Startups Care More About Consumers Than Established Brands Do

I just returned from San Francisco, where I attended Jason Calacanis’ LAUNCH conference, a place where a whole host of startups get on a highly visible stage in front of tech’s mover and shaker elite and… LAUNCH themselves.

I also got to hear from Uber’s CEO Travis Kalanick, Coin’s Founder Kanishk Parashar, and a real highlight, Stuart Williams, from the University of Louisville’s Cardiovascular Innovation Institute, who exhibited 3D-printed ventricles of an infant’s heart!

However, it was the Consumer VC panel that delivered my moment of Zen, when VCs talked about what they looked for in successful entrepreneurs, founders and startups.

The litmus test question they posed was about learning via “hypothesis testing.” Like Satmetrix’s Net Promoter Score, which has an “Ultimate Question” ("How likely would you be to recommend Brand X to a friend?"), the VCs spoke about the question that they ask entrepreneurs -- and, indeed, what startup founders ask of each other: “How many experiments did you do last week?”

I was struck by a realization that startups care more about consumer behavior than big corporations and their brands do. I’m basing this sweeping judgment on startups’ explicit prioritization of curiosity and active commitment to executing on that curiosity.

Contrast this approach with brands’ lethargic -- and, quite frankly, old-fashioned -- approach, with focus groups behind one-way mirrors, survey-based questionnaires and mail intercepts, and research-heavy quant studies.  There’s also brands’ inability to try out new approaches and deviate from “tried and tested” best practices.

Here’s the thing. There are no more “best practices” without the ability to innovate, evolve and adapt. Instead, consider “different practices” or “new practices” that integrate technology, change, risk and/or “hacks” to the “brand guidelines API.”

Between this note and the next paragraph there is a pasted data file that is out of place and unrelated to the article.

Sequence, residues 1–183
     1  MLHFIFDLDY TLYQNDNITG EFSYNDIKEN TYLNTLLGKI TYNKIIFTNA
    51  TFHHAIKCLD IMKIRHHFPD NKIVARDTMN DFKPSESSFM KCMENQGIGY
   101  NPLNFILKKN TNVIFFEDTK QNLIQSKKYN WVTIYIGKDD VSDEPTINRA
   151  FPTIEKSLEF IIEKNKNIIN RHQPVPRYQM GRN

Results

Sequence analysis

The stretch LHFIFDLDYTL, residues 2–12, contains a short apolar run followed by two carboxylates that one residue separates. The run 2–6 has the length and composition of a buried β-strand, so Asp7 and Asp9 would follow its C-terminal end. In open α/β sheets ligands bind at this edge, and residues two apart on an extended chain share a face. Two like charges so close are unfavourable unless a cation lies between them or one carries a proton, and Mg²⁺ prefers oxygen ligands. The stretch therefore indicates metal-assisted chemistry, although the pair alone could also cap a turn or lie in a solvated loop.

I don’t believe a single brand out there feels too comfortable about keeping up with the times, trends, new platforms and closeness to their consumers.

How about you? Do you feel like you’re leading your consumers? Or keeping pace with them? Or, in fact, do you feel like you’re continually playing catch-up -- not only with them, but your competitors (past, present and future)?

Perhaps we can learn from the Dropboxes, Ubers, GroupOns and Mints of the world, many of whom launched at LAUNCH, about what it takes to grow and be successful in today’s digitally, socially, and mobilely infused world.

Perhaps we can take a leaf out of their book with a learning-by-doing approach that involves continual testing -- and ultimately, continual learning.

Perhaps if we framed this as a consumer behavior and insights exercise, we might be able to position it better internally -- and with that, secure the funds, buy-in and support necessary to move from the treading water, holding pattern of status quo to a much more dynamic environment of marketing innovation.

Yes, of course this includes actual partnership with startups. Who better than early stage startups to co-create and partner up on a quest that pivots around “pivoting” and does not recognize the word “failure” at all? In the world of the startup, failure is just a clear to course-correct and incorporate learnings to come back better, stronger and smarter.

So if you are a true marketer and thus believe in the importance of consumer insights as an integral fossil fuel in the engine that powers brands and brand-building, isn’t it time  you put these principles into practice and get in the game once and for all?

Tags: start-ups
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7 comments about "Startups Care More About Consumers Than Established Brands Do ".
  1. Pete Austin from Triggered Messaging , March 3, 2014 at 12:20 p.m.
    Do startups care more about customers than leading brands do? Of course, and one of the secrets of success is to keep this focus as your company grows. But note that a pivot can be directly contrary to customer care, as customers who joined you because they liked your original product are likely to be unimpressed if you pivot to something different.